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Kyrle’s Disease
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Kyrle’s disease, first described in 1916, was known as hyperkeratosis follicularis et parafollicularis in cutem penetrans. Today, it is considered one of many acquired perforating dermatoses, which are often seen in uncontrolled diabetic or chronic renal failure patients. The lesions are characterized by large umbilicated papules and nodules with a central keratotic core. It is seen in both men and women equally, and usually occurs at the age of 30.

The cause remains unclear, yet is most likely thought to be caused by the elimination of keratin and cellular material at the outer skin layer. Some believe that this caused by an inflammatory response, while others believe it is a genetic inheritance. 

The skin lesions are tender to touch and itchy. The lesions are described as red-brown papules or nodules with a central keratin plug. The lesions typically appear on the lower extremities, but may also appear on the arms and trunk. One case has appeared as an ocular lesion. Under a microscope, a parakeratotic plug is seen in the epidermis. Keratin material typically fills from the basal layer to the dermis, where broken down cellular debris and connective tissue go through transepidermal elimination.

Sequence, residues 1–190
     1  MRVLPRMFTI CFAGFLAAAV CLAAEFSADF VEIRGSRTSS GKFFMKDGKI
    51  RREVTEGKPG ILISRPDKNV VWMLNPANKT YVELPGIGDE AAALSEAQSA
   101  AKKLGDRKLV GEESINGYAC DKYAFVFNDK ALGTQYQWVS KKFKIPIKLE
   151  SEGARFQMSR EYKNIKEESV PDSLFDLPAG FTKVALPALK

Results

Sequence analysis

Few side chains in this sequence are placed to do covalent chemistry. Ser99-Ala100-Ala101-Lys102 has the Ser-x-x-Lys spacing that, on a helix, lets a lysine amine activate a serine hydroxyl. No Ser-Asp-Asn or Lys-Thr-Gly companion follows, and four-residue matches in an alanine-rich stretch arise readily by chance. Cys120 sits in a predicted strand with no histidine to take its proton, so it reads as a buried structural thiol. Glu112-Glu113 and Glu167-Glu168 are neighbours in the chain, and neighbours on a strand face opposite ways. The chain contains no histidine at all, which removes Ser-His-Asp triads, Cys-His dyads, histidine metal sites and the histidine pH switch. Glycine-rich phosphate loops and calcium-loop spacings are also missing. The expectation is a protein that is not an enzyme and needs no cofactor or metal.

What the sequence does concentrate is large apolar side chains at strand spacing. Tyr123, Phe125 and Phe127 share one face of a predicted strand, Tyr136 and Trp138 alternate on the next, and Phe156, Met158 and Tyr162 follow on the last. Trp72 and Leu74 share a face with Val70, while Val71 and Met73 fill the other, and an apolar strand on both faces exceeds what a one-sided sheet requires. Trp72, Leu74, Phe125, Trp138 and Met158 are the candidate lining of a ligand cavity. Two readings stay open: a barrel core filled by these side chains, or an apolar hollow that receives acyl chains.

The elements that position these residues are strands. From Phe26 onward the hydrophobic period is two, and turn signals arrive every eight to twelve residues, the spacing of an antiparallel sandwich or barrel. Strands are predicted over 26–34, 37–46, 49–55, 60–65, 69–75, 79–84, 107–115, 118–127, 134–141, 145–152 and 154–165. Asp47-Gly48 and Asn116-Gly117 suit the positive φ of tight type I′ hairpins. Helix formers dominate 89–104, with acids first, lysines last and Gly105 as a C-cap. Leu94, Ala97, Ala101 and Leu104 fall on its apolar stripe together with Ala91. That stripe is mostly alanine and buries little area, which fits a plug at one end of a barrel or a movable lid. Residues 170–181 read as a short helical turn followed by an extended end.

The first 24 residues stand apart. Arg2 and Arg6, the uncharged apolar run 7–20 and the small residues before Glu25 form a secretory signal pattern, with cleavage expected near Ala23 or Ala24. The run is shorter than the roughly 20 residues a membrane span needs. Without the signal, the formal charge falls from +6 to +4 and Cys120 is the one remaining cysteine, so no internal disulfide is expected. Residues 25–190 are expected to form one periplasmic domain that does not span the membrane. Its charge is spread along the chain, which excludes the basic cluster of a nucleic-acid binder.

Treatment is difficult and often not satisfying to the patient. Efforts should be directed at correcting the underlying conditions of diabetes and renal failure with strict compliance to dialysis and good blood sugar control. There are case reports of clinical cure occurring after renal transplant. Local wound care measures such as topical antibiotics or petrolatum should be applied to open lesions. Topical corticosteroids can provide some relief, and both systemic and topical retinoids have been effective for some patients. UV light therapy is also considered an effective approach due to the widespread and pruritic nature of the lesions.

 

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The medical information provided in this site is for educational purposes only and is the property of the American Osteopathic College of Dermatology. It is not intended nor implied to be a substitute for professional medical advice and shall not create a physician - patient relationship. If you have a specific question or concern about a skin lesion or disease, please consult a dermatologist. Any use, re-creation, dissemination, forwarding or copying of this information is strictly prohibited unless expressed written permission is given by the American Osteopathic College of Dermatology.

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